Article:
(CNN) - A bipartisan group of more than 70 former U.S. attorneys is calling on Attorney General Jeff Sessions to reverse the Trump administration's policy of prosecuting all people who cross the border illegally, saying it is "dangerous, expensive, and inconsistent" with the values of the Justice Department.
"Like the majority of Americans, we have been horrified by the images and stories of children torn from their families along our nation's Southwest Border. And like a majority of Americans, we are appalled that your Zero Tolerance policy has resulted in the unnecessary trauma and suffering of innocent children," the prosecutors wrote on Medium in a post published Tuesday morning.
The most visible byproduct of the Trump administration's practice, known as "zero tolerance," has resulted in thousands of children being separated from their parents when apprehended at the border, because unaccompanied minors can only be held in immigration detention for a short period of time.
Trump administration officials have said they do not want to separate children from their parents, but have also vigorously defended the policy over the last week as it has come under growing scrutiny and a number of high-profile Republicans have called for an end to the practice.
"We do not want adults to bring children into this country unlawfully ... placing those children at risk," Sessions said Monday. "They can go to our ports of entry if they want to claim asylum and they won't be arrested."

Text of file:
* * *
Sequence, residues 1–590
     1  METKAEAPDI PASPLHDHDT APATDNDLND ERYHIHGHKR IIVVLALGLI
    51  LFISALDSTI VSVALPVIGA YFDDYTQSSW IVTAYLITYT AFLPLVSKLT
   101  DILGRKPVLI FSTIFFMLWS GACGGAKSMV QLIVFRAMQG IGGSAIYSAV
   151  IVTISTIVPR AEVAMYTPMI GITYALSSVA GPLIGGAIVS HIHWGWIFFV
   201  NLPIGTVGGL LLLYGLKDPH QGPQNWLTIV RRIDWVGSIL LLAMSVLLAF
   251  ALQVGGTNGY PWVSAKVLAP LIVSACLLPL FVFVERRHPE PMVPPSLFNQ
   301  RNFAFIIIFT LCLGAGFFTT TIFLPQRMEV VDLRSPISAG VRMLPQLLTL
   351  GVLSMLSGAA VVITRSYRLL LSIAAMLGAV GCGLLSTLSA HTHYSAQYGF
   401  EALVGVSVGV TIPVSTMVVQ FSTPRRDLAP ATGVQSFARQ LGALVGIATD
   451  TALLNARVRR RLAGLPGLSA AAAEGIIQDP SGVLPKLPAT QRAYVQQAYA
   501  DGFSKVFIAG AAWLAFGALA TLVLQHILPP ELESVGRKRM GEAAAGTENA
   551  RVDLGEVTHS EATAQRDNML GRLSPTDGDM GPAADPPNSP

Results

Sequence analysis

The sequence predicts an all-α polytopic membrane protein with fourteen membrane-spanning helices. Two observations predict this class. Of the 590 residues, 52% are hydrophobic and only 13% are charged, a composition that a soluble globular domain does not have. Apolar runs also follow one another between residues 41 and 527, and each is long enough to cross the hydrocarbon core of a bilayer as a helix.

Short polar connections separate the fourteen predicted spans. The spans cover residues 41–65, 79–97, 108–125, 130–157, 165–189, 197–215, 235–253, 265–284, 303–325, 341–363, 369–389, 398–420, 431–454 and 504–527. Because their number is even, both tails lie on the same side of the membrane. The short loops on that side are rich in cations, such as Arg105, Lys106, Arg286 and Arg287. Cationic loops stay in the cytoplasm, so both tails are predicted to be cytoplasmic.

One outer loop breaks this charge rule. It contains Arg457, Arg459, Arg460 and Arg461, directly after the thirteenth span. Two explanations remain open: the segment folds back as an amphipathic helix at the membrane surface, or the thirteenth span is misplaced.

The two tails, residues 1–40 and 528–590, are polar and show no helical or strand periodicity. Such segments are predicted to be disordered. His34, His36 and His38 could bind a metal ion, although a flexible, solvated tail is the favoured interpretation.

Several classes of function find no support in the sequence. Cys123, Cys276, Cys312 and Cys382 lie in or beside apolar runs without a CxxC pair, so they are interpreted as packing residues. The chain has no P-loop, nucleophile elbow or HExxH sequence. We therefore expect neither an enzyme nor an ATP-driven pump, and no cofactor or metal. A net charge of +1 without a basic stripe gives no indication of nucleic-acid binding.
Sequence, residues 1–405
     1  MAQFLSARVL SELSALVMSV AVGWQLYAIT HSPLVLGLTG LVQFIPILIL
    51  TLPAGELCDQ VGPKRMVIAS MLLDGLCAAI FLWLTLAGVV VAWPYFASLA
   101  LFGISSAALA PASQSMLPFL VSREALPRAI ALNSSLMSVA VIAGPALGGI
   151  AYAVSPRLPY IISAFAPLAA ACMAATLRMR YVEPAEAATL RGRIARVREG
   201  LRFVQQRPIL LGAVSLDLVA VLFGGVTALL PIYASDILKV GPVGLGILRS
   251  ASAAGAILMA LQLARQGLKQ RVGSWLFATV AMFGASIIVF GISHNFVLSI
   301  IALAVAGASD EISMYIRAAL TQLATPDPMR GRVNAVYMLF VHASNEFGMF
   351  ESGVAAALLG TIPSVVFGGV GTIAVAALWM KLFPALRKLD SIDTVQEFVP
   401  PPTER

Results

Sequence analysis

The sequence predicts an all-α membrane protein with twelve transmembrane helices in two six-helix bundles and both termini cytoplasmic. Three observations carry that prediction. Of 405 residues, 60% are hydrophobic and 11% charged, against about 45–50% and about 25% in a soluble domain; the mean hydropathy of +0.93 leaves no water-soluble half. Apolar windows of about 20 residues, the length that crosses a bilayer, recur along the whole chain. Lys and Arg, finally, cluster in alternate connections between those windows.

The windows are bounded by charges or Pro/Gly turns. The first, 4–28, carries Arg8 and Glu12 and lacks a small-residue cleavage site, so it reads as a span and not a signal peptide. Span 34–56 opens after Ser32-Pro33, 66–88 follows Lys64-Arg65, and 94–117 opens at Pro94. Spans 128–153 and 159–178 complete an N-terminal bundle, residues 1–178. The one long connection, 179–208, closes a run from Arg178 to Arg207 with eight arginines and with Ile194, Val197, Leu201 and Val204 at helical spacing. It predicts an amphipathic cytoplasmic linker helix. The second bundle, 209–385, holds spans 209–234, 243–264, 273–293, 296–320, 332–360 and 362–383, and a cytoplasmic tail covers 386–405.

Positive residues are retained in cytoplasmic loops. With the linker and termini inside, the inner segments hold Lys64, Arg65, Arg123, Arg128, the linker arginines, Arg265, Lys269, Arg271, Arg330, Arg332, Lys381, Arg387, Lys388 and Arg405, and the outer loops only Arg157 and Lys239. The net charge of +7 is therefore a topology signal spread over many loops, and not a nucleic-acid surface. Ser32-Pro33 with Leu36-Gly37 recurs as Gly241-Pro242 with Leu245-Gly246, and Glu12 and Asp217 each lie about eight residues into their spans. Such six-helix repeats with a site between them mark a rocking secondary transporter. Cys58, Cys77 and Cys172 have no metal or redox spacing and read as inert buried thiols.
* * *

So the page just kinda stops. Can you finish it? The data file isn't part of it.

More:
Yet the prosecutors in Tuesday's letter say requiring 100 percent enforcement of the policy, without exceptions, was an "ill-conceived" plan.
"U.S. attorneys under both Republican and Democratic administrations have for decades been given discretion to determine how and when to charge misdemeanor illegal entry cases to address the needs of their districts," they added. "Now, under your policy, because children cannot accompany their arrested parents to an adult criminal detention center, these children, apparently including infants and toddlers, are routinely separated from their parents."
Prosecutors from both Republican and Democratic administrations signed on to the letter, including Preet Bharara, the former U.S. attorney in Manhattan, and Chuck Rosenberg, the former acting administrator of the Drug Enforcement Administration and former U.S. attorney for the Eastern District of Virginia.
The Trump administration has vigorously defended its zero-tolerance policy amid outrage over the family separations. Speaking at the White House Monday, Department of Homeland Security Secretary Kirstjen Nielsen reiterated the administration's position that it is enforcing the law and called on Congress to take action. Previous administrations, however, have avoided separating parents from their children, instead, releasing families with court dates for immigration proceedings and various monitoring tactics.
Asked about the policy on Fox News Monday night, Sessions said authorities are "taking care of these children."
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